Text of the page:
08:59 GMT17 April 2021
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    The discarded victims were once viewed as the heroes of America’s space race.

    "We need the money and we’ll have a good retirement, but when I die, turn the lights off and watch me glow," said the late Dan Kurowski to his wife, Lorraine. "Big Dan," as his co-workers called him, worked from 1964 to 1997 as a radioactive-waste packer at Santa Susana Field Laboratory, a nuclear and aeronautical facility used by NASA and the Atomic Energy Commission during the Cold War, McClatchy DC reported.

    Years later, Kurowski died a painful death, from pancreatic cancer attributed to his exposure to radioactive substances. Yet, when he sought compensation from a government program to help workers exposed to radiation and toxic substances at US nuclear sites, he was denied.

    Kurowski’s story is not an isolated incident, as hundreds of Santa Susana workers fell ill and died of similar illnesses attributable to their exposure to radioactive substances. All of these individuals were denied compensation by the federal government.

    The Department of Energy stated that these workers were unable to prove that they were ever commanded to work in a section of Santa Susana known as Area IV. The Department of Labor, tasked with distributing compensation, claimed that they were only authorized to use funds for Area IV workers.

    The claimants, composed of a few surviving workers and family members of the deceased, argue that the Department of Labor failed to recognize how "fluid" the jobs, contracts and work locations at the site were, with staff regularly dispatched to work in the radioactive Area IV.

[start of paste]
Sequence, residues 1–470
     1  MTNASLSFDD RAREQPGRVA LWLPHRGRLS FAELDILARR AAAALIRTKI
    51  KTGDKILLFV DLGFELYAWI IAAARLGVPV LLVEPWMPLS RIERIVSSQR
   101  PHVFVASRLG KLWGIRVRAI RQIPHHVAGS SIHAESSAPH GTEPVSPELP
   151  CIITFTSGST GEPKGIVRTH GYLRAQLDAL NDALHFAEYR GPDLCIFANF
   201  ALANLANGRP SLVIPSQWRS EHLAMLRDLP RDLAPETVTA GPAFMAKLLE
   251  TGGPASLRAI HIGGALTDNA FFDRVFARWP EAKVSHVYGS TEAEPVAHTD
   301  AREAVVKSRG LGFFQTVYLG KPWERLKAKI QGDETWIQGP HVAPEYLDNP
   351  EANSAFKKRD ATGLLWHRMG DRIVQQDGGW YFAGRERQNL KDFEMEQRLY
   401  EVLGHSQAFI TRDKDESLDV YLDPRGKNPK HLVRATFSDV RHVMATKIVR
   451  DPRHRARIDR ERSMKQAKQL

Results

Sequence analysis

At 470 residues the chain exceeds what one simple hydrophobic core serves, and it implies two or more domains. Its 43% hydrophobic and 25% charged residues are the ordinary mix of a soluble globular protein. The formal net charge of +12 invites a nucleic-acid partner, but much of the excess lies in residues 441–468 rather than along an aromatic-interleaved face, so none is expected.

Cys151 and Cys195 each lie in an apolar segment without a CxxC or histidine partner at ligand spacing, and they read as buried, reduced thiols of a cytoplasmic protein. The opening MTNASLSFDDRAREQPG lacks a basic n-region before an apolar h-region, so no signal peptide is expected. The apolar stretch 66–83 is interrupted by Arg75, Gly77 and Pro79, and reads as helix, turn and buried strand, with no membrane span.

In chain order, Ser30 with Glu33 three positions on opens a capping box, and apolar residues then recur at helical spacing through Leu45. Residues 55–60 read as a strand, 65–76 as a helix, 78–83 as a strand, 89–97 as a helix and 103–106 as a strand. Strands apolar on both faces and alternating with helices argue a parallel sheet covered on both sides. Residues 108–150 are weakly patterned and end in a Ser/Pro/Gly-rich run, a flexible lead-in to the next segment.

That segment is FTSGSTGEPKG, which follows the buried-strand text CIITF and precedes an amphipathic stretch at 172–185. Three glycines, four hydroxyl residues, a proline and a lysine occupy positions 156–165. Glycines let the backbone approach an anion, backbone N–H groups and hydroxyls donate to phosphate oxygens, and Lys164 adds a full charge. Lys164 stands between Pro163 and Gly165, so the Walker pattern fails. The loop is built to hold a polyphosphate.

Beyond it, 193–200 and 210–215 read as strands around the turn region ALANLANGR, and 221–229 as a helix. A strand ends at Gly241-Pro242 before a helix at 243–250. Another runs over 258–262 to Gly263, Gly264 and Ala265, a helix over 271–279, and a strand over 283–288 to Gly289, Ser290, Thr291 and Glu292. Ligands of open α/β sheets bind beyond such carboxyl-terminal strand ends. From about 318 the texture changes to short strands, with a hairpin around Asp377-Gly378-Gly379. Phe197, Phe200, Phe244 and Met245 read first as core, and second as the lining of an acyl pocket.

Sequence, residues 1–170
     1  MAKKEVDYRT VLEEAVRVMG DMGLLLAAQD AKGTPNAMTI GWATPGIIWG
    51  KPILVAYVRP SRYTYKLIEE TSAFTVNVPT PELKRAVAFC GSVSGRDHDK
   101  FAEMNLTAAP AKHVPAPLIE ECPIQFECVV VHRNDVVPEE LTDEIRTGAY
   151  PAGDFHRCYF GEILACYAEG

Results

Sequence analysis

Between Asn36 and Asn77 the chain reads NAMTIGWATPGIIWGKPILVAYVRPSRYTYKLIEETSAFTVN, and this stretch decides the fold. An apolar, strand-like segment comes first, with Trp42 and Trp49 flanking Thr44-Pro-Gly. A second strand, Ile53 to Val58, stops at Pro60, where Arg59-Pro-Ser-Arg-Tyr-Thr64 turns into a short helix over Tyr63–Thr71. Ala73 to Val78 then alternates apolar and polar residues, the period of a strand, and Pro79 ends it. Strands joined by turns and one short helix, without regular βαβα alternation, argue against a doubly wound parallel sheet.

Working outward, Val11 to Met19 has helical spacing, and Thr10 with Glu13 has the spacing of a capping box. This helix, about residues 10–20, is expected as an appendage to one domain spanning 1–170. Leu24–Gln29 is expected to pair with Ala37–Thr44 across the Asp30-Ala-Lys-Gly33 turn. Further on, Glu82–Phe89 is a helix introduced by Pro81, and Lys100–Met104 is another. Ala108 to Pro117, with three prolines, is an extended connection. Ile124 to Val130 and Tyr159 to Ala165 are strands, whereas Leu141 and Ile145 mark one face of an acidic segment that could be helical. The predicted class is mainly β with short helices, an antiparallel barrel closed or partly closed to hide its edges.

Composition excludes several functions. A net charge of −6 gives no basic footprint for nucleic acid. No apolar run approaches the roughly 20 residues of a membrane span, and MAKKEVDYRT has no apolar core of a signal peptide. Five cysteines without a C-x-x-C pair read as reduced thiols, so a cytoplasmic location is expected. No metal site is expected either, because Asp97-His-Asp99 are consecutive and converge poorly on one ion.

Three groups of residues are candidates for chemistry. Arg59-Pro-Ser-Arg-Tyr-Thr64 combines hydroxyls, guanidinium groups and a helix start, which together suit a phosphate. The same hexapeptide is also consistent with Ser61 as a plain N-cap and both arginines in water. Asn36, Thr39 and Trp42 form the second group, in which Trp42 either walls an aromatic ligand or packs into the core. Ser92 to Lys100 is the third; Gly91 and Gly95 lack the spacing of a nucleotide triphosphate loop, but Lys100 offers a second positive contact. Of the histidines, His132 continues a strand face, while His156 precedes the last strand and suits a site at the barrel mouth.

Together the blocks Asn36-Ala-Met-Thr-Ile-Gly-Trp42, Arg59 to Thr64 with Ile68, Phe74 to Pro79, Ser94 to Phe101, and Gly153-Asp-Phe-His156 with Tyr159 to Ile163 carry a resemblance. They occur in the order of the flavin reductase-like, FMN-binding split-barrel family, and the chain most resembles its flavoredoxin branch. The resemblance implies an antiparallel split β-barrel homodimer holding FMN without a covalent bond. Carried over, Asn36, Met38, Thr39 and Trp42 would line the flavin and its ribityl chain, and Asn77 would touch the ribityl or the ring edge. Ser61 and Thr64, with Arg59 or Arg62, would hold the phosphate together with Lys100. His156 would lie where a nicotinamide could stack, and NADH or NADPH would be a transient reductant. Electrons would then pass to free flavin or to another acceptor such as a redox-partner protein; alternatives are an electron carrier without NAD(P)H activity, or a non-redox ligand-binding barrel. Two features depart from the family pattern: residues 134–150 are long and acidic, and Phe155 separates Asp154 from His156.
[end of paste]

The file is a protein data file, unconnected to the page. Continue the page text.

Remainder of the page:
One of those survivors, Bill Shepler, suffers illness today from his time working on a joint NASA-Department of Energy project. From 1981 to 2005, Shepler worked on projects including experimental reactor steam generation and electrical systems for the space station. Shepler often worked in Area IV, but has been denied compensation because his official clock-in location was in another region of the facility, called Area II.

    Shepler says, "I spent a good year or two in Area IV if you add it all up, but there are no records."

    Boeing, a major US defense company and the lead civilian contractor on the joint project, claimed in a statement that it provided records to workers, establishing their locations, including not only their clock-in locations, but also radiation exposure and industrial hygiene records throughout the day.

    The workers remember things differently, arguing that Boeing and the US government have rewritten history because they failed to keep records accounting for worker movements.

    Santa Susana workers argue that employees should not be forced to prove their presence in Area IV 'after the fact' because Department of Energy contractors used the entire site. They claim the federal government is at fault for failing to maintain appropriate records of exposure.

    Kurowski died of pancreatic cancer in 2003, while his claim was pending. When his widow, Lorraine, attempted to file a survivor claim Boeing emailed her stating that her husband’s personnel record had been destroyed, eliminating any hope for her to prove a claim.

    Kurowski’s wife Lorraine, like many Santa Susana victims and family members, is not giving up. "I’ll let my kids fight this and my grandkids and my great grandkids," said Lorraine. "They asked me to sign off, but when my husband used to tell me 'shut off the lights and watch me glow,' I can’t do that." 


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    chemical exposure, nuclear radiation, radiation hazard, radiation, McClatchy, NASA, Boeing, Department of Energy (DOE), White House, US
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